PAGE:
8. Prepare anecdotes for your recommenders. Don’t just ask a high school teacher or professor for a letter. Instead, share with them stories of contributions you made to their class so your letter is filled with specifics. In the case of a high school counselor, you’ll also want to update them on what you’ve gotten involved in during your first year of college. You want them to refrain from using the letter from the previous year.
  9. Request transcripts from your high school and college registrar’s office. Be sure to make these requests well before the application deadlines.
  10.  Prepare your applications and the many essays well in advance. You want to focus on getting excellent grades in your college coursework and enjoying the first year of your college experience. So get your transfer applications done as early as possible. Don’t wait until the last minute as there are often glitches with The Common Application’s transfer portal.

Transfer Admission FAQ

Is getting in as a transfer applicant typically harder than out of high school?

Yes, earning admission as a transfer student is typically more difficult than out of high school since there are so few available slots for transfer students.

For example, at Princeton University, a mere 10 to 15 transfer students have enrolled at Princeton each year since the school reinstated transfer admissions in 2018. However, in 2022, the school committed to expanding its transfer program to enroll between 25 and 35 students annually.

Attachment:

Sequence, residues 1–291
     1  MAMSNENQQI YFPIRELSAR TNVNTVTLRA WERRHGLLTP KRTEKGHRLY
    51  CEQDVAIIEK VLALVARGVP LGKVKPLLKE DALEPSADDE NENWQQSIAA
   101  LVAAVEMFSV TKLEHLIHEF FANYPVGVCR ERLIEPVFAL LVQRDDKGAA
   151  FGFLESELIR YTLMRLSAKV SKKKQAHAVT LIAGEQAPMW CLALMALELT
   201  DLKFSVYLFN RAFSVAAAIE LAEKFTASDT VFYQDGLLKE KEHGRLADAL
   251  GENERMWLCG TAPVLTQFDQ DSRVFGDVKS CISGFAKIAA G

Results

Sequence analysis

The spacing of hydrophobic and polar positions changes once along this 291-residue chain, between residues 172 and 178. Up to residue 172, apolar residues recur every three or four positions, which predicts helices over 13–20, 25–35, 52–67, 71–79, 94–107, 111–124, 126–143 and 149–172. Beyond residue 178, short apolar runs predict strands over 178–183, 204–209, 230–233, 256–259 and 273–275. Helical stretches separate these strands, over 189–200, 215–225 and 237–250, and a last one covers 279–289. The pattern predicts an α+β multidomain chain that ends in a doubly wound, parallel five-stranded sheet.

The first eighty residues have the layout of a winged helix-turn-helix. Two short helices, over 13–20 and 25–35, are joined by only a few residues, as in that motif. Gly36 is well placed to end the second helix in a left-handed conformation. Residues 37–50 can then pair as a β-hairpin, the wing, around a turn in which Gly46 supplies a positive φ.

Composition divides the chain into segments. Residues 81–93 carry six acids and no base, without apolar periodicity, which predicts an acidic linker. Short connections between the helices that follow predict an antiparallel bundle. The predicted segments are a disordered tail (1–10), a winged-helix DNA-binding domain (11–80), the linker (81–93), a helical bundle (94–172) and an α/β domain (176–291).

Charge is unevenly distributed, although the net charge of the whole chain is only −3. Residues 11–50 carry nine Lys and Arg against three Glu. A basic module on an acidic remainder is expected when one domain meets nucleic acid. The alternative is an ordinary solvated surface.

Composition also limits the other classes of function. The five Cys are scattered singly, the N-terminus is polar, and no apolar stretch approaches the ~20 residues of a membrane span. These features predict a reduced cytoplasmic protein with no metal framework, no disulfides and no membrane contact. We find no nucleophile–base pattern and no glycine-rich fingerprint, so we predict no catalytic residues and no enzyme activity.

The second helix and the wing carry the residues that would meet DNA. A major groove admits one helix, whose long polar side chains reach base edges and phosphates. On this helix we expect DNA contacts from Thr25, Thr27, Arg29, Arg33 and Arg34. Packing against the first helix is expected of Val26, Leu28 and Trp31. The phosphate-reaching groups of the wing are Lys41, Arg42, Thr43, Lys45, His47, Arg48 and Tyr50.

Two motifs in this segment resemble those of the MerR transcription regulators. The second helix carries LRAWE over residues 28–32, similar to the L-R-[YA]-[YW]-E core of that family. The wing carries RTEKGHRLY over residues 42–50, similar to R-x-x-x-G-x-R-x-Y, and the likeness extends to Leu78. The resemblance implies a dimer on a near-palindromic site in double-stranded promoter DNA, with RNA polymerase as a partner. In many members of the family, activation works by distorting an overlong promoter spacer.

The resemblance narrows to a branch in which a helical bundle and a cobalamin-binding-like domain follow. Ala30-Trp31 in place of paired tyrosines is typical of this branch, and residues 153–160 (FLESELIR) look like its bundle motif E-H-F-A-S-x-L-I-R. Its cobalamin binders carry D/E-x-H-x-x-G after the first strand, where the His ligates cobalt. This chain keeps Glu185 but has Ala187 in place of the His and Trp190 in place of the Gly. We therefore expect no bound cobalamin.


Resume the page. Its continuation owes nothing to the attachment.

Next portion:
But there are exceptions. As an example, for fall 2022 transfers, at Dartmouth College, 9.9% of transfers were admitted compared to 6.24% of non-transfer students.

Is it better to transfer after your first or second year of college?

It’s better to transfer after your first year rather than your second year for two reasons: (1) your odds of getting into most top universities are stronger when you haven’t spent half of your college experience at another institution, and (2) you can enjoy your college experience for a more extended period at the school from which you intend to graduate.

If I previously applied to a college and reapplied as a transfer, will my previous application be re-reviewed?

It depends. Most universities will ask on their applications if you previously applied. But most schools will only take the time to review these files if they detect an inconsistency.

Should students be negative about the college they’re transferring from in their essays?

No, students should always be positive about the school they attend. It’s all about the spin. If a student bashes their current college, it will only present them as unlikeable and likely to criticize their future college.

Do top colleges covet non-traditional students in the transfer admissions process?

Yes, transfer students are data ghosts. Their numbers do not count towards or against a school’s reporting to US News & World Report for the publication’s annual ranking. As such, top schools will often admit veterans of America’s military, community college students, and non-traditional students who will significantly contribute to the college’s overall diversity.

Ivy Coach’s Assistance with Transfer Applications

If you’re a student considering transferring colleges, fill out Ivy Coach’s free consultation form, and we’ll be in touch to delineate our transfer services.